My first flight with passengers was to Athens. After we landed, the instructor I flew with said to me, “Let’s go outside and greet the passengers.” This is an old tradition that doesn’t happen much these days. So we stood outside saying goodbye to all of the passengers, and he turned to me and said, “You see all of these people? You were responsible for their lives.” And that’s when it really hit me. During the flight, I was too busy focusing and trying to do my best. But when he reminded me of the responsibility I would have from then on, it felt empowering, to be trusted to do this kind of a job. It still makes me very happy to think about … I really love what I do. [Laughter.]
I went to an air show with my sister when I was 18 years old for the first time, and it felt like home to me. I felt like I belonged and knew immediately that I wanted to be around airplanes for the rest of my life.
You’re 28 years old! So young, and you’ve accomplished so much. What do you still hope to achieve? What else is on the list?
Well, I’m hoping to fly the A350, which is the newest plane that will be flying with Etihad this year, and of course I’m looking forward to my command upgrade. To be a captain. That’s my next target.
How do you get to become a captain?
We have a proficiency check every six months; that’s a necessity to keep your license current. As long as you show a good record and those checks are done every six months, it all comes down to the hours. To become a captain you need 5,500 flight hours.
And how many do you have?
Over 3,000. So more than halfway there!
Etihad employs people from more than 150 countries. How is it working in such a multicultural environment?
It’s amazing to see the dynamics between people from so many different cultures, countries, and backgrounds that work together at Etihad. I’m talking all the way from the ground staff to the pilots to the cabin crew and everybody else involved in the process of getting the job of getting an aircraft flying done efficiently. It just shows you that beyond all of those differences when we all work together toward a common goal, we can achieve it. Sometimes when I think about all of the people working at Etihad, I think, how can we have war in the world? If you can have all of these different nationalities working on one aircraft in harmony, why can’t it be that way everywhere else?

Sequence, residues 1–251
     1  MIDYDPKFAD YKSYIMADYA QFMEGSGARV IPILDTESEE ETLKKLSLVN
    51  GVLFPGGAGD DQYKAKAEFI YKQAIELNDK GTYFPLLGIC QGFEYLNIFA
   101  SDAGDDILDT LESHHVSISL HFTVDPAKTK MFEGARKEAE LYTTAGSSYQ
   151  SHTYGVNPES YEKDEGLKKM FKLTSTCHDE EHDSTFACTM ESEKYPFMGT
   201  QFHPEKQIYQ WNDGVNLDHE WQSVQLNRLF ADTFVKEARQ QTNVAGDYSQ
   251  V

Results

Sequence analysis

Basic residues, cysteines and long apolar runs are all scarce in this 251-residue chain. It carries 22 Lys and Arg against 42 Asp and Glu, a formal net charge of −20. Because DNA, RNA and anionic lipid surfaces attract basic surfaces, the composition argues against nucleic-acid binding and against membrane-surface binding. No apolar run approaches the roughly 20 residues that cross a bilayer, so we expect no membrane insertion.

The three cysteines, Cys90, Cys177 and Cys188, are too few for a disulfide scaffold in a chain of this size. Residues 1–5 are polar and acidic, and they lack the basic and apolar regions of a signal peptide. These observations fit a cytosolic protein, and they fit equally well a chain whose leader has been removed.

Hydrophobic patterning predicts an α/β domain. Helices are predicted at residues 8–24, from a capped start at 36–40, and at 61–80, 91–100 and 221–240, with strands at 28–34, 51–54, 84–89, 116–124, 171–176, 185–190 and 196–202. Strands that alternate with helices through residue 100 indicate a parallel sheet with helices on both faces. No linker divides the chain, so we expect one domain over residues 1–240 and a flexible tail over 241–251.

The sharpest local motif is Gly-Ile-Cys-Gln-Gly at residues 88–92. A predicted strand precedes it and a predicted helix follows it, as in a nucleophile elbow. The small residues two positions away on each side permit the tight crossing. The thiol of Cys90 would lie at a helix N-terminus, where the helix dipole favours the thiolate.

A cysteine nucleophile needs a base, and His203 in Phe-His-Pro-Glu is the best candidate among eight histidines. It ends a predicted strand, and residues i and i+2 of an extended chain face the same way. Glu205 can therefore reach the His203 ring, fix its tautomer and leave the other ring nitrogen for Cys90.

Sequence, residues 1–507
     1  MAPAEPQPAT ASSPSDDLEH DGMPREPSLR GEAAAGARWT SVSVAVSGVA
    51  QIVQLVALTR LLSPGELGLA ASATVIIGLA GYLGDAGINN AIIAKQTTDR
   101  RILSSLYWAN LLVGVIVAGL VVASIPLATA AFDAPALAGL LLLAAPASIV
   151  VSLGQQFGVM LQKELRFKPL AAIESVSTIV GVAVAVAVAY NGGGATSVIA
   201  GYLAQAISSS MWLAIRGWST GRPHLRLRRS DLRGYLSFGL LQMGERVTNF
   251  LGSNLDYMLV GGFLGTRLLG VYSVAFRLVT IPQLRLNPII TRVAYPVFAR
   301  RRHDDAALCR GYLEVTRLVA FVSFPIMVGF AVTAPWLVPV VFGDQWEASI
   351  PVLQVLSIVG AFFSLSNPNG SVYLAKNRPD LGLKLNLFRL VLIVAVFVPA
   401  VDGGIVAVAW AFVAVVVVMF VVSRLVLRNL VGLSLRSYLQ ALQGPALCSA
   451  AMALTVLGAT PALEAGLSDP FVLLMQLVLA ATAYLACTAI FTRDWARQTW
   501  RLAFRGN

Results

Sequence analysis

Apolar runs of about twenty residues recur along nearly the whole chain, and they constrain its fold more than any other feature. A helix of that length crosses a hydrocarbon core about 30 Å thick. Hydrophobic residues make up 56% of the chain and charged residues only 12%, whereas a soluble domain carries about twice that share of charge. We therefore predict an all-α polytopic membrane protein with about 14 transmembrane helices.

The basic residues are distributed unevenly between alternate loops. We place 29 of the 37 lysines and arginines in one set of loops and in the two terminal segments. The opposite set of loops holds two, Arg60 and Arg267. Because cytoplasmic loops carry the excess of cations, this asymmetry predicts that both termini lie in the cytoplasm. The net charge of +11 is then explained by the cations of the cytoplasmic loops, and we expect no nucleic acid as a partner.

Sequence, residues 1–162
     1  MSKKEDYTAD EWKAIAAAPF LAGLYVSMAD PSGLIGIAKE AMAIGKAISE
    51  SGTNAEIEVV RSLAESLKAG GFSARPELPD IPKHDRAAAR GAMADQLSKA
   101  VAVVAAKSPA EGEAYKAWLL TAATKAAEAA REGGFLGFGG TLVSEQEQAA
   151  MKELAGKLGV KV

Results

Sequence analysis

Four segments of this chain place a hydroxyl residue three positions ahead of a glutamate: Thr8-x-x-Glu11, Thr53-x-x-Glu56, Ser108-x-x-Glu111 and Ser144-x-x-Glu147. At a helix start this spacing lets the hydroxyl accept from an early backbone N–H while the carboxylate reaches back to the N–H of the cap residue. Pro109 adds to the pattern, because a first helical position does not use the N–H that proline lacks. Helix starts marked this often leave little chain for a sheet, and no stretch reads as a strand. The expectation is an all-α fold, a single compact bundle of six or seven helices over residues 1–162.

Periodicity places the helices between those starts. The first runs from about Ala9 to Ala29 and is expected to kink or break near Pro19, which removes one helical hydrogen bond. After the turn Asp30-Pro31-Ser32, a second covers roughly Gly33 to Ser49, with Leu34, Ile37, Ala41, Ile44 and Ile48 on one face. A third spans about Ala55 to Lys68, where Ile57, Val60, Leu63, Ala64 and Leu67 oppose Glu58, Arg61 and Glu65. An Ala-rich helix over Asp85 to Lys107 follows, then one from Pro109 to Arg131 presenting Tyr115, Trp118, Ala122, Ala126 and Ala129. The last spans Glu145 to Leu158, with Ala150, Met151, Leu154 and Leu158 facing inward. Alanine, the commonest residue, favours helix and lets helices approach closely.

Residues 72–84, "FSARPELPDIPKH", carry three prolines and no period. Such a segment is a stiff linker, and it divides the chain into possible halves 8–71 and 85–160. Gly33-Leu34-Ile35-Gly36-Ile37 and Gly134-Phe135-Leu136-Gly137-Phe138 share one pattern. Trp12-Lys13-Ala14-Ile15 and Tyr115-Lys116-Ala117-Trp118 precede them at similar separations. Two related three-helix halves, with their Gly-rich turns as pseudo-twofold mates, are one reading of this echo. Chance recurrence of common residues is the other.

What do you like to do in your spare time?
If I’m not flying, I want to be in the ocean. I think I get that love from growing up in a fishing village, growing up with the beach by my side all of my life. When I first moved to Al Ain, where I completed 18 months of my initial training, it was something I missed. You go there every day, but you don’t notice how much you really liked it until you don’t have it anymore.
Do you feel that you are a part of a pilots’ community? Are you all friends, or is it more of an independent career?
Yes, I have many friends who are pilots, mostly from other GCC countries, because we train together. That’s how we meet, either in training centers in the region or in the airport. I was reading a study about how people in confined spaces tend to open up to each other more; that’s why you’ll find people talk a lot to their hairdresser or taxi driver even though they don’t know them. The cockpit is an environment like this. Even if you only fly with someone once a year, it doesn’t matter—you’ll know their life story. You get to know people quickly. If I fly with someone once and then I see him again in two years, he’ll ask me how are things going with my studies or my family; we remember all of the specific things we spoke about. It’s really nice how the bonding works.
What is something that you still get excited about after all these years in the sky?
For me the best days are when I come to check in for my flight and I see a female name. It’s so exciting because it hardly ever happens. In all of my years at Etihad, I think it’s happened four times that I flew with a female pilot. Because the thing is that there are always two pilots in the cockpit, one first officer and one captain, and the majority of female pilots are first officers like me. But that is changing!